History of the Royal Artillery Association
The Royal Artillery Association was started on 26 May 1920 by the RA War Commemoration Fund to create a ‘Gunner Friend’ network organisation in every part of the United Kingdom and Commonwealth; in essence to create and foster a bond of comradeship irrespective of rank, between all who are serving or who have ever served as artillerymen and to maintain and promote the proud traditions of ‘Ubique’. It was also designed to watch and help those in need or distress and maintain contact with old comrades. It raised its money from annual and life subscriptions and after running costs funds were used to further the aims of the Association. Her Majesty The Queen is the Patron.
There are a network of branches throughout the country, promoting comradeship and the opportunity for Gunners to meet up and have some fun. The Association also has the needs of Gunners and their families at heart, especially those who have fallen on hard times. There are more than 105 Branches and Ladies' Sections. It is at the very heart of the Gunner family. So please join your local branch.
What We Do
The aims, quite simply, are the promotion of Gunner welfare and comradeship; aims which are as important today as they were back in 1920. Comradeship is fostered in local branches and ladies sections in the UK and abroad, and by affiliation to other Gunner organisations. Also the regular contact, meetings and social gatherings. There are a number of national events that the RAA support and organise. Please see the events section for more information. The Association provides a ready made network of Gunner friends and useful contacts. Please visit your Gallery to find out more about our events and view the Gunners having some fun.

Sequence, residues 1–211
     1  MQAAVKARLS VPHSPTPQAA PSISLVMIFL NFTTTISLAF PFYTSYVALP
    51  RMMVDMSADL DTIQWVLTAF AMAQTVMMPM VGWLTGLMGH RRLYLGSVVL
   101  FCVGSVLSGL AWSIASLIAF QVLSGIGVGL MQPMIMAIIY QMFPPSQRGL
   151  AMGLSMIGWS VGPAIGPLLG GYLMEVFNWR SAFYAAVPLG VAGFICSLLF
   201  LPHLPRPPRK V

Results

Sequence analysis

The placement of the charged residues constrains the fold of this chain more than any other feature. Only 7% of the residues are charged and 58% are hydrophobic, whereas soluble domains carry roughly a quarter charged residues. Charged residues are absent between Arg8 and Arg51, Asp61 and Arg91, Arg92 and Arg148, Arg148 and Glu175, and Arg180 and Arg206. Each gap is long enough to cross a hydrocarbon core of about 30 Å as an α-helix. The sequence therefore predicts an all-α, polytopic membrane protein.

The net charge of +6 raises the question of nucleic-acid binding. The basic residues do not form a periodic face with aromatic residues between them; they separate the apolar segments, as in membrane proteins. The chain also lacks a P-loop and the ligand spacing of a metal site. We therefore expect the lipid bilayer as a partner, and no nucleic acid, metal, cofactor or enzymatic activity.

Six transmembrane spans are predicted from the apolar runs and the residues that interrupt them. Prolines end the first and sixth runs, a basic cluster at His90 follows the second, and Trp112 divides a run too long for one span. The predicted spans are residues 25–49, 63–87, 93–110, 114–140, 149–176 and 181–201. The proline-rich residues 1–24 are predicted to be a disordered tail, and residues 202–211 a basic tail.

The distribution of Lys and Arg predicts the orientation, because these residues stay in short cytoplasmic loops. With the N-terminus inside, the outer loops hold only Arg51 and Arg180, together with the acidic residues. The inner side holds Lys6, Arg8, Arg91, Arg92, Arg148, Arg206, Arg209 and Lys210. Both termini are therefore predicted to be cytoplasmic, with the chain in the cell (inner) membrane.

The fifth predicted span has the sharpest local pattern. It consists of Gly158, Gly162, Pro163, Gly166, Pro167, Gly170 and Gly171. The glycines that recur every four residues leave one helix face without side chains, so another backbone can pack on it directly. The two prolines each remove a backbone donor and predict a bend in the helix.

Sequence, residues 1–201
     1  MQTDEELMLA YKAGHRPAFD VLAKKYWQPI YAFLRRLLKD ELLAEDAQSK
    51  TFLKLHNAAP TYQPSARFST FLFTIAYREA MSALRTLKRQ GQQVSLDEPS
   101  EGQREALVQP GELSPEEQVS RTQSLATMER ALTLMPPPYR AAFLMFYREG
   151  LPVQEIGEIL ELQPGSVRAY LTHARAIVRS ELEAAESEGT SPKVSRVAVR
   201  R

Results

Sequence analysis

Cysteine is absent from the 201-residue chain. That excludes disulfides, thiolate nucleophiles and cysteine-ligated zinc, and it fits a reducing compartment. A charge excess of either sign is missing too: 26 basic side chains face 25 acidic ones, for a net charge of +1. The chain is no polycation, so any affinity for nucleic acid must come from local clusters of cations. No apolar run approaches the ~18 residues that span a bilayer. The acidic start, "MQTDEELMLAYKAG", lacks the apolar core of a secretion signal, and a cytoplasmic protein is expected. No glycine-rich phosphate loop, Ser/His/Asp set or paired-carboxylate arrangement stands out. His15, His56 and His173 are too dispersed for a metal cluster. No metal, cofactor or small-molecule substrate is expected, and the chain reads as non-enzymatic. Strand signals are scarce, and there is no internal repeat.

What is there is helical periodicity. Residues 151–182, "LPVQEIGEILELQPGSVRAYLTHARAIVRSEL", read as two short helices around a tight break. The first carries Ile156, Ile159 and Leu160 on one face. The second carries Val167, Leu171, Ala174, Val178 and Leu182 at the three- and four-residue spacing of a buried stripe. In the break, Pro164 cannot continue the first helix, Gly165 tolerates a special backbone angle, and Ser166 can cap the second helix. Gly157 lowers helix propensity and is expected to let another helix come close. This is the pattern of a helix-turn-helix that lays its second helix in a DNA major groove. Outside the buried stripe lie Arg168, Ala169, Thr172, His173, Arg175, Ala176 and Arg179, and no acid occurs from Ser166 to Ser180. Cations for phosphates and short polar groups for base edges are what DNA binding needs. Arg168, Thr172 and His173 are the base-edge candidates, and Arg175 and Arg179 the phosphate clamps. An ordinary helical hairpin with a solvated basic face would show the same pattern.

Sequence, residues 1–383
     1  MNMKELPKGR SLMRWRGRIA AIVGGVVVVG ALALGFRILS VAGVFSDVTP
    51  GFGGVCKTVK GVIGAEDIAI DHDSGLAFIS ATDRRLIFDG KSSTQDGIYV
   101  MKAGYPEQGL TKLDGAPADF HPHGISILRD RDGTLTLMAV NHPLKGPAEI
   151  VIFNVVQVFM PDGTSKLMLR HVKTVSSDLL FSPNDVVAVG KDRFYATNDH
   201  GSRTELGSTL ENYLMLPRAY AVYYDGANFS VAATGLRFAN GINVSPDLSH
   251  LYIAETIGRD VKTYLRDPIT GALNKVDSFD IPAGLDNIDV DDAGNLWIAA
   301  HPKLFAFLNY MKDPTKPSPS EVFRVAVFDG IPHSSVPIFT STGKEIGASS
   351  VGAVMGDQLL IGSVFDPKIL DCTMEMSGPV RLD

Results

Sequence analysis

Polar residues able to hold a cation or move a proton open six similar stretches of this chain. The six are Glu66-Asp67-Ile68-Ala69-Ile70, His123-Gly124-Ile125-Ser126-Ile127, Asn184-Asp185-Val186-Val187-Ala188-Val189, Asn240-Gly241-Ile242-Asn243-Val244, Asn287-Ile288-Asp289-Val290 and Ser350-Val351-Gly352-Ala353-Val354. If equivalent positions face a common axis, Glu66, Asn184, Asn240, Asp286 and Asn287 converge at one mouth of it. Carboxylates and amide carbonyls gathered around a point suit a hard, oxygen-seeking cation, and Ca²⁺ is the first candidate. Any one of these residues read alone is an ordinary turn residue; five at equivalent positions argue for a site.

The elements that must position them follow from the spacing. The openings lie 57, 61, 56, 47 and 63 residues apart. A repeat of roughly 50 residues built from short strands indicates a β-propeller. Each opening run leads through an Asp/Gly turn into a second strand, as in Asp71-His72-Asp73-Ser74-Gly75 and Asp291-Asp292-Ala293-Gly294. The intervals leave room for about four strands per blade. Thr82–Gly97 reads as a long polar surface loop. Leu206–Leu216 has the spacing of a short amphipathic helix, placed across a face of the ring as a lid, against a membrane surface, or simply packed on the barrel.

How does the Association Work
The core of the Association is its Branches and its Ladies' Sections. They are backed by 26 District Representatives who, in turn, are supported by 12 Regional Representatives who make up the National Executive Committee, which reports to a Royal Artillery Board of Management. The Association is served by a small permanent staff at Artillery House, Larkhill.
What does it provide
For a serving Gunner, Association Branches can provide support during the difficult transition period into civilian life and thereafter with a network of comrades who may prove useful when settling in an area, together with the friendship of a caring group of people who understand your problems. For Members, Branches provide a focus for social activities, fun, comradeship and practical assistance and support if it is needed. It also allows ready access to the Gunners' charitable funds to assist those in need.
What about Welfare
The Association provides all its members with the opportunities to help others less fortunate than themselves and to receive help if the are ever in need. The branch does this primarily through the work of the Branch Welfare Officer who, if extra assistance is required, can contact the Welfare Officer at Artillery House.